Recent guidance issued by the trilogy of Affordable Care Act (ACA) compliance and enforcement -Departments of Labor/Treasury/Health Human Services; could have a major impact on many of the Consumer Driven Health Plans (CDHPs) currently in force, starting in 2016. In short, the recently published guidance (released in the form of an FAQ) indicates that the annually published ACA out of pocket maximums affect so called aggregate family deductibles that are a part of many CDHPs. CDHPs that utilize embedded family deductibles and grandfathered plans would not be impacted by the change. Here’s what all of this means…

Wednesday, July 8, 2015

Supreme Court Rulings Affecting Employee Benefits

The Supreme Court of the United States (SCOTUS) recently issued separate rulings affecting the health insurance and employee benefits sectors. The “King v. Burwell” decision assures that health insurance subsidies will continue to be provided to eligible individuals in all states, even those that don’t have a “state based health insurance exchange”. And the “Obergefell v. Hodges” ruling held that state laws (in 14 states) banning same sex marriages were unconstitutional. While the former ruling affecting ACA subsidies will primarily assure continuation of previously implemented aspects of the law, and prevent what could have been serious disruption, chaos, and premium rate impact; the later ruling will require examination of, and changes to many policies and procedures. Here’s a brief overview of the more pertinent areas deserving attention…

Tuesday, June 2, 2015

Disproportionate Hospital Share (DSH) Payment Change

The Affordable Care Act (ACA) changed the method used to compensate hospitals for disproportionate share, sometimes referred to as DSH. This new method applies to charges “effective on or after fiscal year (FY) 2014. Under the new method, eligible hospitals receive 25% of the former “DSH” amount, and additional funds as follows:

Wednesday, April 29, 2015

Redefinition of Small Group

2016 is shaping up to be yet another impactful Affordable Care Act (ACA) year, particularly for employers with 51-100 employees (full and part-time). The two year reprieve from the ACA’s employer mandate/share responsibility for such employers ends beginning in 2016. But perhaps more importantly, and having a potentially greater impact, is the redefinition of what constitutes a so called SMALL EMPLOYER. Plans that begin or renew on or after 1/1/2016 that are: (i) fully insured; (ii) non-grandmothered*; and (iii) have 1-100 employees, will be required to comply with certain ACA regulations heretofore applicable only to fully insured groups with fewer than 51 employees. Let’s take a look at the impact of this redefinition…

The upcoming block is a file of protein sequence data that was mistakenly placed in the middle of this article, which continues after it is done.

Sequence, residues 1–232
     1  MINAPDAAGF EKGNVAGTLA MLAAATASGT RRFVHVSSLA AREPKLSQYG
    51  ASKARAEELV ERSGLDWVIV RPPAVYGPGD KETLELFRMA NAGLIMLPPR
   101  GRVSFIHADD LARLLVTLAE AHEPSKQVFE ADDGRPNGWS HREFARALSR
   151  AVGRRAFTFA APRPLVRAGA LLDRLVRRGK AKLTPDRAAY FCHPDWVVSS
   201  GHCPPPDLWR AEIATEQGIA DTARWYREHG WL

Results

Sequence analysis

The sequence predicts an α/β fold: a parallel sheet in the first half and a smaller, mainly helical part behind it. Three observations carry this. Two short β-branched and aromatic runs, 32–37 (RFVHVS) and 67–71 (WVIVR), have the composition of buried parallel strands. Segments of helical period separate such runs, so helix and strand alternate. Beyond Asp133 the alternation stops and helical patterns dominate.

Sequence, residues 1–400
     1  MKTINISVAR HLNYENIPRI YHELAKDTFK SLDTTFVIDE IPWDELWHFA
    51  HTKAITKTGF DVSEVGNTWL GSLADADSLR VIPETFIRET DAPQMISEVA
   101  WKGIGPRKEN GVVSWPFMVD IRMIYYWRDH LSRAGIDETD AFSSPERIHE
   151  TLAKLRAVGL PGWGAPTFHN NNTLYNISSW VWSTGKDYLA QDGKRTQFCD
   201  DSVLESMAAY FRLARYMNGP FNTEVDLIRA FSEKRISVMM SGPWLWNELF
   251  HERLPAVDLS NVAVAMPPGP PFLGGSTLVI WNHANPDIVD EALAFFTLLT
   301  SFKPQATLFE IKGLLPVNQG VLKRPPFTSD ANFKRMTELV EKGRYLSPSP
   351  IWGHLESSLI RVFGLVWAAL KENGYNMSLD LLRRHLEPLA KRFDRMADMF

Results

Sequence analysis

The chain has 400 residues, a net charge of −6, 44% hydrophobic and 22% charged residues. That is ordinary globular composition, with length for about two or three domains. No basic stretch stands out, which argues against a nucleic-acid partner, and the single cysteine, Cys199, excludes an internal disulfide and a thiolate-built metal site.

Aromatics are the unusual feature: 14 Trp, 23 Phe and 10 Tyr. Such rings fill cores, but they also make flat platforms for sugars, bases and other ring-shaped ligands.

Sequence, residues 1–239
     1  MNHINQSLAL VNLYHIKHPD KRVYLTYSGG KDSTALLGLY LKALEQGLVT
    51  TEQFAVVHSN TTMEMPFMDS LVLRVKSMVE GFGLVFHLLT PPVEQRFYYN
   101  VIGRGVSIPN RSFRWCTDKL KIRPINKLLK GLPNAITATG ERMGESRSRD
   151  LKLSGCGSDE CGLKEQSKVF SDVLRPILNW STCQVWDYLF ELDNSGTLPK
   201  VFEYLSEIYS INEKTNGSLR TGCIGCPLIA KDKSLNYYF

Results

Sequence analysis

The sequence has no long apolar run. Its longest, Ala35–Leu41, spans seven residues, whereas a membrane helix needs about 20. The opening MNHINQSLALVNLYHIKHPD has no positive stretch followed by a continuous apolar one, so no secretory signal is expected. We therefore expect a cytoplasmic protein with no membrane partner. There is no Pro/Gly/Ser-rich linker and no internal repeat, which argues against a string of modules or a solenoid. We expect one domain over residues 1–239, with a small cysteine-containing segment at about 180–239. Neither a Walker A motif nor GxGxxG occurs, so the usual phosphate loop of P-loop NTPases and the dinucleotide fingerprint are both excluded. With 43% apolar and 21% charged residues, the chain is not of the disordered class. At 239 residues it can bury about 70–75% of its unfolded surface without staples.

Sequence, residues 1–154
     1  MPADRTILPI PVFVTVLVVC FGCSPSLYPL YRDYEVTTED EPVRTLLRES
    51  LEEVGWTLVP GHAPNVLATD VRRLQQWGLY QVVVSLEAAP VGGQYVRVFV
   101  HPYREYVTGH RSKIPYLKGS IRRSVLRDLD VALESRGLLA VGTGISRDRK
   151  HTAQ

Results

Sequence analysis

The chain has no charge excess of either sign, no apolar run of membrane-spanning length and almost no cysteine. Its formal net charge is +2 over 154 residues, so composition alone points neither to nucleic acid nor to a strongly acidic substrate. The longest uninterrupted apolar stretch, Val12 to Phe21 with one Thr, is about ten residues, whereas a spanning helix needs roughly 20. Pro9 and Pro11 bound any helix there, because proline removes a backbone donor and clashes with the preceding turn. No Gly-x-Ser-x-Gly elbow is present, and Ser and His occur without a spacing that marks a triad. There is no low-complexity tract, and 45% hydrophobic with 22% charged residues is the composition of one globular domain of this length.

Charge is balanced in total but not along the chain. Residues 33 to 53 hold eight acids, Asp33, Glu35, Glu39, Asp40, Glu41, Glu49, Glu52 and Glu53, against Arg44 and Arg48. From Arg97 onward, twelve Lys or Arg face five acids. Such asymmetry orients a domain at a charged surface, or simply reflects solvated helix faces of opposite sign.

Wednesday, April 15, 2015

Healthcare Payment Alternatives

Back in the 1960’s, the average cost of an overnight hospital admission was around $100. Not coincidentally, most health insurance plans at the time set their deductible amounts somewhere between $0 and $100. Today, adjusting for geographical differences, PPO discounts, etc., an overnight stay in a hospital will run you between $1,700 – $2,500. According to the Kaiser Family Foundation (KFF), the average health insurance plan deductible in 2014 for an individual covered by employer based coverage was $1,214 (up from $826 in 2009). Smaller employers (fewer than 200 employees) tend to have higher deductibles (nearly $1,800); while larger employers lean toward lower deductibles ( $971). Clearly, there is a relationship between health insurance deductible amounts, and the average cost of an overnight hospitalization.